Remaining a good guy whilst also playing a really bad one is what this young Parisian movie actor truly aspires to.
A short film which has already collected several awards when it was first released in 2012 is currently creating a lot of buzz online: À Tout Prix (At All Costs), written and directed by Yann Danh, is the story of a kidnapping gone horribly wrong. What are the bad guys to do? We want to know and catch up with one of them: Franck Sarrabas.
Tall, dark, and handsome… affable, funny, and charming, Franck at first glance seems to fit the profile of the romantic lead better than that of a villain. But talking to him you’ll quickly notice he has an edge to him. He just cannot sit still, he has to be on the go all the time. He thinks and talks lightning-fast, his mind going at 160 miles per hour…. ever so slightly pushing the envelope…. provocative, but never aggressive.
Growing up, Franck loved movies, and at some stage even took an acting class, but he wasn’t seriously thinking about being a professional actor. But when his brother Yann Danh started to get into filmmaking for a living, and offered Franck a role, it dawned on him that he could not just watch movies but actually become part of one, and he jumped at the chance.
The two brothers quickly realized how well they collaborated. This resulted in many more joint projects, including Le Clown, Illumi-Net, and of course À Tout Prix. “The more we worked together, the more fun we had,” says Franck. “Acting has since become my great passion. I understood that it allowed me to tap into my inner child. One of the movies that influenced me the most was Stanley Kubrick’s 2001 Space Odyssey. I am also tremendously inspired by Al Pacino. He is my idol, I guess.”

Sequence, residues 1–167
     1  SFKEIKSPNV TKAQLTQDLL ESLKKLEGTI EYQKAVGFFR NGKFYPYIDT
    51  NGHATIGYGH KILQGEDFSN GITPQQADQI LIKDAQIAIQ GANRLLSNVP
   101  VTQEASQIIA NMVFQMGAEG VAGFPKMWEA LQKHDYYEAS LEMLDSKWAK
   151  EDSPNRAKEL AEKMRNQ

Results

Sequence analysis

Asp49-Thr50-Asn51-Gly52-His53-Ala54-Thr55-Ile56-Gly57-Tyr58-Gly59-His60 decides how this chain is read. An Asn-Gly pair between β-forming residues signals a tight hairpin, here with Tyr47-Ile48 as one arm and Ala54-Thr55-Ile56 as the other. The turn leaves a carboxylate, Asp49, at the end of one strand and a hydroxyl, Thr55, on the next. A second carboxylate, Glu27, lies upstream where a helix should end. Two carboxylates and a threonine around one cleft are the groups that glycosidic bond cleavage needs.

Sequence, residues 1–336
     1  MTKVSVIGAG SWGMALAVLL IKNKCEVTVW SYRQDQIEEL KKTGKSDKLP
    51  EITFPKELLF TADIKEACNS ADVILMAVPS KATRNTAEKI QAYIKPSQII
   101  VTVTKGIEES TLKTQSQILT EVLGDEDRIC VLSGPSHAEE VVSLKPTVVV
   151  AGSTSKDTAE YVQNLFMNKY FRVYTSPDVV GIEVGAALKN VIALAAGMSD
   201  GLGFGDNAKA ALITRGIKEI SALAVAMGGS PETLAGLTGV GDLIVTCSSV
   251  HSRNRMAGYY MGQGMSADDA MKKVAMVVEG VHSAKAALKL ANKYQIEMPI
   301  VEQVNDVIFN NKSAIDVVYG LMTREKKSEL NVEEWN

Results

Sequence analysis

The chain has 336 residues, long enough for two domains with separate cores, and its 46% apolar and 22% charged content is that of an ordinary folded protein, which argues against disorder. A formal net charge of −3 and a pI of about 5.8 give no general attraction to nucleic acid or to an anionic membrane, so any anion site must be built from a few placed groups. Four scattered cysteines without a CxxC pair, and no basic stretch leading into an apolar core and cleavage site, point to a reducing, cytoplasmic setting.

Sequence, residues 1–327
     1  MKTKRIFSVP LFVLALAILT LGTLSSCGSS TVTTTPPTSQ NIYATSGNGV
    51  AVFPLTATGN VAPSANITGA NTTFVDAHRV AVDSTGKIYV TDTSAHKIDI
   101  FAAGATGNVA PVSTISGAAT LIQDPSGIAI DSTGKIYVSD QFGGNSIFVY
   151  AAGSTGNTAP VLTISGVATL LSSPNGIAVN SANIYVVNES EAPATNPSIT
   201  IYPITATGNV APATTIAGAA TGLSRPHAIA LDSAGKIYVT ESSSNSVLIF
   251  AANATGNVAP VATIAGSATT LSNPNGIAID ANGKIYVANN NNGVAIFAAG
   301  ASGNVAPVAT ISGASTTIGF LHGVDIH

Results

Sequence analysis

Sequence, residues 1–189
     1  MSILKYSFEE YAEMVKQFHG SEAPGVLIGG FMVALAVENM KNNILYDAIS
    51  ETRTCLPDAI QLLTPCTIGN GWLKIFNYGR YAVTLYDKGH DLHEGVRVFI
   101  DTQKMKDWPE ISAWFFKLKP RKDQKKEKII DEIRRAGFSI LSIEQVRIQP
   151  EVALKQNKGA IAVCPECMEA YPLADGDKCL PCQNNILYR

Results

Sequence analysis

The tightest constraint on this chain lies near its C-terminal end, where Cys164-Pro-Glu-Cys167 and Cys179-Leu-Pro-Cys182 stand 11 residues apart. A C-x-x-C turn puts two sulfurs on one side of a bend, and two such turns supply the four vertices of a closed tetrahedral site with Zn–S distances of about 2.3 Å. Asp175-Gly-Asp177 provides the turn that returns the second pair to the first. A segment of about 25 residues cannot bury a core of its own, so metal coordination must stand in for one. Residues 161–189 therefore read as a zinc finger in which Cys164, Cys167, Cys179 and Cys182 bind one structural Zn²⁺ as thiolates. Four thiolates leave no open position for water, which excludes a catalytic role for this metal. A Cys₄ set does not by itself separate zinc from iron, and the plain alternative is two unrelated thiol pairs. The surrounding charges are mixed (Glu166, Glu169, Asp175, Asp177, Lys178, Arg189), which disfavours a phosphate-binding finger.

Franck’s finely honed performance in À Tout Prix is certainly reminiscent of his role model’s acting. As one of three sinister guys who kidnap their ex-boss and find themselves caught in a situation that gets way out of hand, he oozes sheer force and darkness, but also lends his character a complex undertone of insecurity, remorse, and even fear.
Under Yann’s capable direction, the entire cast – which included Pascal Hénault and Simon Freney in the principal roles as fellow villains, Bruno Henry as the kidnapping victim, and Fatima Adoum, Onna Clairin and Marc Duret – excelled. “To have someone of Marc Duret’s class play the role of a sublimely devious politician, was quite special. Our filming schedules didn’t overlap so I didn’t get to work with him directly on this occasion but I knew his work, and I’d always admired him a lot. When I met him later on a different occasion, he really impressed me, professionally and as a human being. He has an incredibly positive energy, and it was such a breath of fresh air that someone so famous could be so down-to-earth.”
One thing is important to Franck: he does not want to be type-cast as the default bad guy. “I want to play as many different roles as possible – action, comedy, authors…. anything. My agent in Paris, L’Agence AngelArt, takes great care to find me a wide variety of parts to play.” Besides, in contrast to many of his darker roles, he is someone whose life philosophy is to be kind to others, and not to step on anyone’s toes.
With such a solid foundation and the experience accumulated in the past 15 years, what is Franck’s ambition? “I want to become the best I can be. And when Steven Spielberg calls, I want to be able to say, “I’m ready!” “
Steven, if you read this, contact us for Franck’s number!
Natja Igney is a senior global communications strategist with 1021 Global Communications Consulting. She has a particular interest in theatre and filmmaking.
All images courtesy Franck Sarrabas